Are Rudolf Steiner's Waldorf Schools 'Non-Sectarian?'

By Dugan, Dan; Daar, Judy | Free Inquiry, Spring 1994 | Go to article overview

Are Rudolf Steiner's Waldorf Schools 'Non-Sectarian?'


Dugan, Dan, Daar, Judy, Free Inquiry


Public funding of schools in Milwaukee and Detroit operated by a cultlike religious sect is a new crack in the wall of separation between church and state. The establishment in law of this separation was a great social innovation of the American Revolution, and publicly funded non-sectarian schools are the flesh and blood expression of this principle. The courts for the most part have stood firm against the general funding of openly sectarian schools. The "Lemon" test, referring to the Supreme Court ruling, Lemon v. Kurtzman (403 U.S. 602 1970), provides that, under the establishment clause of the First Amendment, the primary effect of a government action must not be to advance religion. The Supreme Court has also clearly ruled that a state may not design or modify the curriculum of its schools in order to further religion at the expense of non-religion or to further one set of religious beliefs over others.

The establishment of publicly funded Waldorf schools should be cause for alarm for anyone who is concerned with preserving the separation of church and state, because these schools are the missionary arm of a religious sect hiding behind a facade of propaganda and dissimulation. We do not make this assertion lightly: one of us had a child in a Waldorf school for a year and half; we have attended many open houses and lectures at four Waldorf schools, studied forty books by founder Rudolf Steiner and many by his followers, read Waldorf teacher training texts, and several academic theses, and monitored periodicals of the parent Anthroposophical Society for several years.

Rudolf Steiner and Anthroposophy

Waldorf schools are the most visible activity of the international Anthroposophical Society, which has been called "the most successful occult religion in Europe" by Sven Ove Hansson, a Swedish skeptic.(1) Other writers refer to it as "the most developed contemporary instance of Western esotericism"(2); and a "highly organized occult group."(3)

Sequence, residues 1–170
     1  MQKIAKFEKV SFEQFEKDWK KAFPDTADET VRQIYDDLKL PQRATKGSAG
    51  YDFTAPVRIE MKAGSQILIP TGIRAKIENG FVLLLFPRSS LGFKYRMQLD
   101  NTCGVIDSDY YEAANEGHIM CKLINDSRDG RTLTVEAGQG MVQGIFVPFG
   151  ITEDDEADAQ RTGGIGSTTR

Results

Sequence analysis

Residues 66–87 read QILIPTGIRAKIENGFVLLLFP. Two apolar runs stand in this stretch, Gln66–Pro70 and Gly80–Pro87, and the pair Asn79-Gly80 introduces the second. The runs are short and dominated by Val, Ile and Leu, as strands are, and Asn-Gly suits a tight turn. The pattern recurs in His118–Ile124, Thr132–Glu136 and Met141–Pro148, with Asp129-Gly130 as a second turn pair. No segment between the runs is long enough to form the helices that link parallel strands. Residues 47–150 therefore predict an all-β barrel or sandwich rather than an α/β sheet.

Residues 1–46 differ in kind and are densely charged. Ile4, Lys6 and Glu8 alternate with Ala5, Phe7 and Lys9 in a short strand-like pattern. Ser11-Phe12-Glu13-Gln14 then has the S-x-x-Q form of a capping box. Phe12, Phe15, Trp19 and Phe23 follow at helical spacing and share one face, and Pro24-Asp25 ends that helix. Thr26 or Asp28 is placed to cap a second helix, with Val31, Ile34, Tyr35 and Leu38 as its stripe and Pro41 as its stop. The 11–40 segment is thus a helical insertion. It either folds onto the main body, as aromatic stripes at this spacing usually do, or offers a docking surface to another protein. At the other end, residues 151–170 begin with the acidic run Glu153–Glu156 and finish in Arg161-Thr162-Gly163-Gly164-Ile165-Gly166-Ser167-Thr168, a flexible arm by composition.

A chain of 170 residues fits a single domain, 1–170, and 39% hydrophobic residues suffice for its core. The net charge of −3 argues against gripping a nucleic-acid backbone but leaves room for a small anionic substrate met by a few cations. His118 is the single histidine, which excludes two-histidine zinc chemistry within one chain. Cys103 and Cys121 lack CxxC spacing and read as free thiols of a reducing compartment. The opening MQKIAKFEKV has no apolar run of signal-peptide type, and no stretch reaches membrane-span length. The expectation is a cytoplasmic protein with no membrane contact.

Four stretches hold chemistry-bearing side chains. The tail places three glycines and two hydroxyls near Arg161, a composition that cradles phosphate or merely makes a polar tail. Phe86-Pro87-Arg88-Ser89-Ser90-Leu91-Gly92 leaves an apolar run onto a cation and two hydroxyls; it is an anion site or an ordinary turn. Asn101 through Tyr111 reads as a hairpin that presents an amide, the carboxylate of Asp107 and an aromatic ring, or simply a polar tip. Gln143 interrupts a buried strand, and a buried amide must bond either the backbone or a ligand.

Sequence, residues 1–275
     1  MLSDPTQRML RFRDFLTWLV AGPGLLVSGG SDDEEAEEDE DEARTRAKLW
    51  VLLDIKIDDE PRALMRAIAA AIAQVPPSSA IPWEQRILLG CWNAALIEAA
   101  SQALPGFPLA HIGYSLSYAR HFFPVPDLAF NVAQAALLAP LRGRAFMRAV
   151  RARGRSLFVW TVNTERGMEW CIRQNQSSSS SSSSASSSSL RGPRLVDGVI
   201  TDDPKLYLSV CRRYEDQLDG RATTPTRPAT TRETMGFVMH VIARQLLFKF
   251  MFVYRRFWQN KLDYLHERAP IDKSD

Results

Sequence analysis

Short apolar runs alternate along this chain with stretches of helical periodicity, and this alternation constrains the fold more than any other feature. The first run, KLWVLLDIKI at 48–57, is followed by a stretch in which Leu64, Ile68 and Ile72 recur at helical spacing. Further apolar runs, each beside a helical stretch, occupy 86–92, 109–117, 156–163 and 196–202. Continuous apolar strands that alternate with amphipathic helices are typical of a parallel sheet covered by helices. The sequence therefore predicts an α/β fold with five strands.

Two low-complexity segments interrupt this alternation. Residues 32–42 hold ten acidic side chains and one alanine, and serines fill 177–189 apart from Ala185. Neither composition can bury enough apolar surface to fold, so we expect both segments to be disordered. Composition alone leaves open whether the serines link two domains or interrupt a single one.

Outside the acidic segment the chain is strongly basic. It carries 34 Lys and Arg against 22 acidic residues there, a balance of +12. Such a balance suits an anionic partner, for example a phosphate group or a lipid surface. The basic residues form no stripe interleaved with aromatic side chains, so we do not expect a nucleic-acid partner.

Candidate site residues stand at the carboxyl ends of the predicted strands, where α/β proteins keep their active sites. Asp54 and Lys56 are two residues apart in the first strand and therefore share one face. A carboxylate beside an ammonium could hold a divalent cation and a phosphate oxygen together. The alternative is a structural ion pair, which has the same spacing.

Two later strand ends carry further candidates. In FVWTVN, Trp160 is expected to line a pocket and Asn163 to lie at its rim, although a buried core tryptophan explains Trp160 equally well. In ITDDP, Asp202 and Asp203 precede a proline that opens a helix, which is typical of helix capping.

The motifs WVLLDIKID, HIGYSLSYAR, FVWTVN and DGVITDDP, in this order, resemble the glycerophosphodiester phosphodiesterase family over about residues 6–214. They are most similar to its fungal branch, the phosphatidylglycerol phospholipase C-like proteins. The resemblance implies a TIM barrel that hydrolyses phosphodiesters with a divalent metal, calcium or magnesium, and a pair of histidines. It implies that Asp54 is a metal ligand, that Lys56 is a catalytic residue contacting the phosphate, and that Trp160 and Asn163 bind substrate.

Anthroposophy emerged from the spiritual confusion of turn-of-the-century Germany, part of a burgeoning of exotic and occultist religious activity not unlike the 1960s' "New Age" explosion in America. The Anthroposophical Society was created by Rudolf Steiner (1861-1925), who had led the German section of Theosophy, but split off to form a group that would follow his personal revelations of the "spirit world." The sect developed to maturity during the social and political turmoil Germany suffered during and after World War I.

The group's activities include Anthroposophical Medicine (in Europe the sect has its own hospitals), Biodynamic Agriculture, Eurythmy (dance) schools, Camphill Villages for the developmentally disabled, and a church, Christian Community. Its most effective outreach program is the Waldorf schools.

Their numbers demonstrate the extent of their success. Over five hundred schools exist worldwide, including about 125 in the United States, and the number is growing steadily. Although they are called Waldorf schools here, in honor of the first such school created in 1919 for children of the workers at a Waldorf-Astoria factory, they are also known as Steiner schools, and in some parts of Europe simply as the Free Schools.

Doctrine

In Steiner's doctrine, Christ is a sun god come to earth, not to redeem humanity from sin, but to help the human race balance between the influences of the Zoroastrian gods of light and darkness, Lucifer and Ahriman. Steiner's revelations typically blur religious, scientific, and historical topics. His version of history includes epochs on the lost continents of Lemuria and Atlantis, which he claimed to have read with "clairvoyant vision" out of the mythical "akashic record."

Steiner derived some of his central concepts from Hinduism (via Theosophy): reincarnation, karma, and polytheism. He mixed in the dual gods of light and dark from Zoroastrianism, and fit it all into the geocentric cosmology of medieval Europe, where humanity is positioned in a cosmic hierarchy below nine classes of supernatural beings. …

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